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Before the immediate responses come in, I realize that a properly defined function means that it is defined for every value in its domain.

My question is this: if $f:A\to B$ has the property $f(a)=b_1$ and $f(a)=b_2$, then it is often still called a function, but one which is "not well-defined".

If there is $b$ in $B$ such that there is no pre-image under $f$ then we say $f$ is "not surjective".

So what would we call a "function" which has the property that $f(a)$ is not defined for some $a$ in $A$? It seems like there should be a word for this, other than just saying $f$ is not a function.


Edit: I realize that a function which is not well defined is not actually a function. I'm talking about informal speak, for example in class how we say "let's check if this function is well defined" as though it were a function even if it weren't well defined. I'm wondering if there is an analogous phrase for maps which aren't defined on their whole domain. This is all informal, which is why I tagged it a soft question.

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  • $\begingroup$ Could you give an example of something called a "function" $f: A \to B$ with $f(a) = b_1$ and $f(a) = b_2$? $\endgroup$ – Krijn Aug 10 '15 at 1:36
  • $\begingroup$ That's why I used quotes. I'm just referring to the fact that we use the phrase "not well-defined function" informally, even though such a function doesn't exist since it is not well defined. You'd think there would be a counterpart for functions which are not defined for their whole domain $\endgroup$ – Elliot G Aug 10 '15 at 1:38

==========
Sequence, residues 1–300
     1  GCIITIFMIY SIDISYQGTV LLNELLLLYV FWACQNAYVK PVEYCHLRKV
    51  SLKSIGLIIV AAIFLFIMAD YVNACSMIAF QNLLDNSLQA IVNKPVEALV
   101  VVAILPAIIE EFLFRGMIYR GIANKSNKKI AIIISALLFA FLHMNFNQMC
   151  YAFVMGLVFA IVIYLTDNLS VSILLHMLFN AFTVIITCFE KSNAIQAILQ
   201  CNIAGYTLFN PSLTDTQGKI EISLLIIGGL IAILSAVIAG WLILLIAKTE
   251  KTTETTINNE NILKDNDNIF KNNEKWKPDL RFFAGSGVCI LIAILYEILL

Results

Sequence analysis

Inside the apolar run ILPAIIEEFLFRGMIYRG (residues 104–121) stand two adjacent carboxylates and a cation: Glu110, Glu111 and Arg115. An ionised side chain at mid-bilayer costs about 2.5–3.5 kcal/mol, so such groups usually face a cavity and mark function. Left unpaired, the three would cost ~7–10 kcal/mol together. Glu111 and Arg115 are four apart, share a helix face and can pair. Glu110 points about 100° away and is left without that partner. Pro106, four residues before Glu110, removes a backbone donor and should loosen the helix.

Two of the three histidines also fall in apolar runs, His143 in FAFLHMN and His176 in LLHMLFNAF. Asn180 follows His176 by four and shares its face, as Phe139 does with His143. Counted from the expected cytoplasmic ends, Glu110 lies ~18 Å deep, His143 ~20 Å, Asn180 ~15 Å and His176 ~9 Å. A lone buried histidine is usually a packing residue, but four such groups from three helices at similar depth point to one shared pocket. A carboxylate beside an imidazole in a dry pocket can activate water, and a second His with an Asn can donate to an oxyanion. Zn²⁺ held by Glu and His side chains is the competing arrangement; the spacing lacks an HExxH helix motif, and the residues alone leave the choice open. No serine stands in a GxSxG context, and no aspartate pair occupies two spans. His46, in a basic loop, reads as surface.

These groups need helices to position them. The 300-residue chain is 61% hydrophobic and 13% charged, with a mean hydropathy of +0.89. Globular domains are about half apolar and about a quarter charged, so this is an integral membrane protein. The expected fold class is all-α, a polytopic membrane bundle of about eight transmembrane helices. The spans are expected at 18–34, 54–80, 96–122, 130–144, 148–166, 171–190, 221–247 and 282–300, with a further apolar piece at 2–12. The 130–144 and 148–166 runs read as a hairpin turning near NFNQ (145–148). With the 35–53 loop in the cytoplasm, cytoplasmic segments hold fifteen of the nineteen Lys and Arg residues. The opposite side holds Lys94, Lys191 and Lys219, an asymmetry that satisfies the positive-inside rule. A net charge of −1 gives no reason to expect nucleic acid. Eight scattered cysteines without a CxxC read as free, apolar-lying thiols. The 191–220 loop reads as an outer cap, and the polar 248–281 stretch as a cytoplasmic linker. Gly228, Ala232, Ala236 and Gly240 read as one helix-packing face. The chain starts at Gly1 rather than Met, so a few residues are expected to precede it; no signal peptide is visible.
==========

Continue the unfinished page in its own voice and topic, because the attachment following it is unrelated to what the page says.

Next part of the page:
• $\begingroup$ In measure theory, sometimes we talk about almost everywhere-defined functions. $\endgroup$ – fonini Aug 10 '15 at 7:11
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You're looking for partial function. A partial function $f$ from $X$ to $Y$ is a function $X' \to Y$, where $X'$ is some subset of $X$.

However, regarding your comment about functions that are not well-defined: there is no such thing as a function that isn't well-defined. If $f$ from $X$ to $Y$ is not well-defined, then $f$ is not actually a function, but only a relation (some subset of $X \times Y$). Partial functions are not considered functions either. The term "function" requires that for every input there is exactly one output.

What probably confused you is that we often define a function, and right after defining it check that it is well-defined. What we are really checking though, is that what we claimed was a function was in fact a function; that's why we call it well-defined, meaning our definition was not faulty. It is somewhat of an abuse of words to define something as a function before checking that it is well-defined; one should really first define it as a relation, and then prove the proposition that it is a function.

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  • $\begingroup$ Thanks. And I guess I should clarify that I. Realize that a function which isn't well defined is not a function, but am wondering if there is a similar word fortress functions (which would also not be functions). That's why I tagged it a soft question, since this isn't really about definitions. $\endgroup$ – Elliot G Aug 10 '15 at 1:33
  • $\begingroup$ math.stackexchange.com/posts/1391494/revisions nailed it, glad you got the tick. Also @goblin yes, I didn't upvote yours because it's like "Yeah, the OP is gonna totally follow this answer" $\endgroup$ – ToolPurger Aug 10 '15 at 1:42